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Simon Whitfield as Canadian flag-bearer for London Olympics is hard to argue with

Simon Whitfield waves the maple leaf after being named flag-bearer for London 2012. It's a choice that's hard to argue with.

When the Canadian Olympic Committee named Simon Whitfield as flag-bearer for the opening ceremony at the London Games Thursday they selected one of the most likable and respected athletes in Canada. The 37-year-old is also a member of the grey panthers on the Canadian Olympic team.

There once was a time when 30 was considered old for any athlete. Now Whitfield will join cyclist Clara Hughes, 39, tennis player Daniel Nestor, 39, and 65-year-old show-jumper Ian Millar, who will be appearing in his record-breaking 10th Olympics. None of these athletes are going as window dressing. All have a chance at a medal.

"Sport used to be a young man's game,'' Whitfield said with a chuckle on a telephone conference call. "We have been able to lengthen our careers.''

With two Olympic medals to his credit and the father of two children, Whitfield still maintains that boy-next-door charm. He has remained grounded and hasn't strayed from the values of hard work and humility his parents instilled.

"I have a keen perspective on how fortunate I am to be able to do sport for a living,'' said Whitfield, who lives in Victoria. "For every honour or something I accomplished, I also have had a humbling moment. That keeps you grounded.''

During the call Whitfield even apologized for lying to a local reporter who had asked him earlier if he might be the flag-bearer.

"I felt bad,'' he said. "I owe you a pint.''

The first thing Whitfield did when told he would be flag-bearer is hug wife Jennie, who he credits with being his best friend. Jennie and daughters Pippa and Evelyn will be in London for the Olympics.

Whitfield ran his first triathlon as an 11-year-old in an event organized by friends. He won the gold medal when triathlon made its Olympic debut at the 2000 Sydney Olympics. He admitted to overtraining and "trying to reinvent the wheel'' for the 2004 Athens Games where he finished 11th. Critics figured his Olympic career was over but Whitfield battled back for a silver in 2008 at Beijing.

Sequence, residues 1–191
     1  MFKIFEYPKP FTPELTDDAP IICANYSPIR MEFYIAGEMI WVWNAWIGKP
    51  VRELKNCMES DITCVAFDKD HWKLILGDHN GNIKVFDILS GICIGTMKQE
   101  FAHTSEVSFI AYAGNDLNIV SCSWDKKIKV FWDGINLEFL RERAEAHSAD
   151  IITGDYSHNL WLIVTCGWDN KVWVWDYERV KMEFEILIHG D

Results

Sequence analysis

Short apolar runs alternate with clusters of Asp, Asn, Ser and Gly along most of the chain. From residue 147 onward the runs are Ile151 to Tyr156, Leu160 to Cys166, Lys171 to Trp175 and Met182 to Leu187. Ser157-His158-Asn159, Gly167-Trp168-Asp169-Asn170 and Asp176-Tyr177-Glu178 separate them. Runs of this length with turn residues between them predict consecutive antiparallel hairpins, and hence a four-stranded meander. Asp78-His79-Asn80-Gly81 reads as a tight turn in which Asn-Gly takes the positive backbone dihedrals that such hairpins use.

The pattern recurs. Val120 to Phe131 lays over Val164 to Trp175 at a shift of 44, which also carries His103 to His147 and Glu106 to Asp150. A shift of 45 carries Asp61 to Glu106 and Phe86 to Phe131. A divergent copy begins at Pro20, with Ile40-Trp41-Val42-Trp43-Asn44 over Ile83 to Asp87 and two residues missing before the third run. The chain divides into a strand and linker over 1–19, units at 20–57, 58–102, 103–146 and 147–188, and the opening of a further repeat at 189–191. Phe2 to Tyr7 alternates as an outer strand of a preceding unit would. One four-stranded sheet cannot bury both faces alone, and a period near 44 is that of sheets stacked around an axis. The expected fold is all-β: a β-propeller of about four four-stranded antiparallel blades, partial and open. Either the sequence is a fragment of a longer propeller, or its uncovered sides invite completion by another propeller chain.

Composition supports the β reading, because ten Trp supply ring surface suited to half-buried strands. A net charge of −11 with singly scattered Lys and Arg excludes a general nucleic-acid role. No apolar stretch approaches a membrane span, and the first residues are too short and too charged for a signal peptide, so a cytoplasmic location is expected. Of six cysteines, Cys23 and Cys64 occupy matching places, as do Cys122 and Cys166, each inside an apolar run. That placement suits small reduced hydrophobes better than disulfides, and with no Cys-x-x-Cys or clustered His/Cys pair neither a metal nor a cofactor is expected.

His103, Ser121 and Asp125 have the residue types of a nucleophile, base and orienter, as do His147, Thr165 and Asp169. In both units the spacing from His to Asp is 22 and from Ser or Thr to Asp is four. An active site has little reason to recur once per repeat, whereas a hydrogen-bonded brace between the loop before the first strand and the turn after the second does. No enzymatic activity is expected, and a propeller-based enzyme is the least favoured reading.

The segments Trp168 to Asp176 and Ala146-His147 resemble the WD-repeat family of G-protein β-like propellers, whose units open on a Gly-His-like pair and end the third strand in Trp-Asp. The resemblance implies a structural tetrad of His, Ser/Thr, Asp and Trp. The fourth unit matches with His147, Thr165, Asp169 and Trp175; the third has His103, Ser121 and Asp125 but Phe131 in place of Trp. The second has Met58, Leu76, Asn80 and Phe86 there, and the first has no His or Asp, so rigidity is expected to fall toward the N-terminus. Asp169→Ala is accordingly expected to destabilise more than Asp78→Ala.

Along the way the Kingston, Ont., native inspired a generation of athletes to compete in triathlon.

"Simon Whitfield has become an iconic figure in our sport,'' Stephen Holmes, president of Triathlon Canada, said in a release. "The positive effects of Simon's two Olympic medals on our sport have been endless in every corner of this country.''

Whitfield has adapted as the sport evolved. Realizing he needed to be more efficient in the water Whitfield has worked with two-time Olympic swimmer Rick Say.

"In Sydney I was able to get away with a weaker swim,'' he said. "Twelve years ago you were afforded small weaknesses. Now, with the way the athletes have evolved, you can not have a weakness.''

Friends describe Whitfield as a scatterbrain, someone who has washed his passport at least three times. He also has never mailed in a training session and can leave athletes much younger than him panting in exhaustion.

When he trains, Whitfield likes to listen to Stephen King books on his ear buds and drink chocolate milk afterwards.

Besides the Olympic medals Whitfield has 14 World Cup victories, 21 podium finishes, seven top-10 finishes at World Championships and 10 Canadian national championships.

What makes it better is he doesn't take himself too seriously and appreciates what life has given him.

"I feel very privileged to be able to carry the flag for the team,'' he said. "I honestly was a little bit overwhelmed at first.''

In typical style, when Whitfield learned he would be the flag-bearer he went for a run near his home in Victoria. When he reached the Terry Fox statue he high-fived it.

"I give Terry a high-five every time I pass him,'' Whitfield said. "He knows me now.''

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